ALEXANDER YOUNG JACKSON, O.S.A., R.C.A.
oil on board
signed; also signed and titled on the reverse
10.25 ins x 13.5 ins; 26 cms x 34.3 cms
Dennis Reid has suggested that the romance of adventure was what lured Jackson west and Jackson could not believe how much of the country had yet to be painted. While he had visited western Canada prior to 1937 he began to paint what he saw only from this year onward until 1951.
Interestingly, while Jackson is most closely associated with charming renditions of life in rural Quebec, particularly the lower St. Lawrence region of that province in winter, Dr. Hudson insists that “a remarkable group of collectors looked forward to the results of Jackson’s Western trips. The artist kept up a lively correspondence with his supporters describing his travels and negotiating sales.”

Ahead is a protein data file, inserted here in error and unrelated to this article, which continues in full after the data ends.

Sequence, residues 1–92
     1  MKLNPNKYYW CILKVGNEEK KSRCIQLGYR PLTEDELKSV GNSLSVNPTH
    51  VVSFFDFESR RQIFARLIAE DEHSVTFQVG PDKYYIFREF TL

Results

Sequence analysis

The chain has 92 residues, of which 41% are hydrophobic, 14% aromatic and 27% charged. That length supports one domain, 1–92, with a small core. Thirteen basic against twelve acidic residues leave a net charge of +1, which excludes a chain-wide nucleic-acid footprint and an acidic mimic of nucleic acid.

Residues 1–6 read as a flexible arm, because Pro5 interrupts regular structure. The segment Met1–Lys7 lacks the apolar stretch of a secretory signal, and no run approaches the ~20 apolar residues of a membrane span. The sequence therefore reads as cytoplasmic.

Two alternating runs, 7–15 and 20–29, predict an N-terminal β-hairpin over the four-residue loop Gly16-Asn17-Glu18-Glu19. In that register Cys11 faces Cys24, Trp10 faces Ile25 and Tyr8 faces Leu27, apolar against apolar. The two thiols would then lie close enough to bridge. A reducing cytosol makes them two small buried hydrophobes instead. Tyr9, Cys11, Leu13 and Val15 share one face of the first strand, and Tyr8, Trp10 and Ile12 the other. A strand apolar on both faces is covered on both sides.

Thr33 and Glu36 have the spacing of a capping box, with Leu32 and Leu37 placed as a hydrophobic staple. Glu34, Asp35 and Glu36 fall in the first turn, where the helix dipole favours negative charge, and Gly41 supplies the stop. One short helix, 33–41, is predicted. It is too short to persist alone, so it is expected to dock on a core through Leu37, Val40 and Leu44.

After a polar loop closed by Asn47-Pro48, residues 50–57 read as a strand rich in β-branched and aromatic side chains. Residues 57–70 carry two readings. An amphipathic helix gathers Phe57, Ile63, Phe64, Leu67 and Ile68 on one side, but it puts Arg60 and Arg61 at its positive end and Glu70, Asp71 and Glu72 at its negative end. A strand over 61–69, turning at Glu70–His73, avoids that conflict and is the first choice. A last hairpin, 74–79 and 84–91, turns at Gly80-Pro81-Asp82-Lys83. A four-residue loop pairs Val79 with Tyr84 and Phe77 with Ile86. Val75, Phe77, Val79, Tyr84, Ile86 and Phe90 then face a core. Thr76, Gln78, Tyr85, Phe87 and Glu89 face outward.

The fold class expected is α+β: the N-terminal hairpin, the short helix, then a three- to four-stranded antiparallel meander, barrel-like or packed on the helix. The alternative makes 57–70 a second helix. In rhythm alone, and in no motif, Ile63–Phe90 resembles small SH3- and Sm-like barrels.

Bow Lake is one of the largest glacial lakes in Banff National Park. Jackson taught at the Banff Summer School in the 1940s.
Anna Hudson, "The Legend of Johnny Chinook: A.Y. Jackson in the Canadian West and Northwest" in Catharine M. Mastin (general editor), The Group of Seven in Western Canada, Key Porter in association with The Glenbow Museum, Calgary, 2002, pages 114 and 118.
Private Collection, Ontario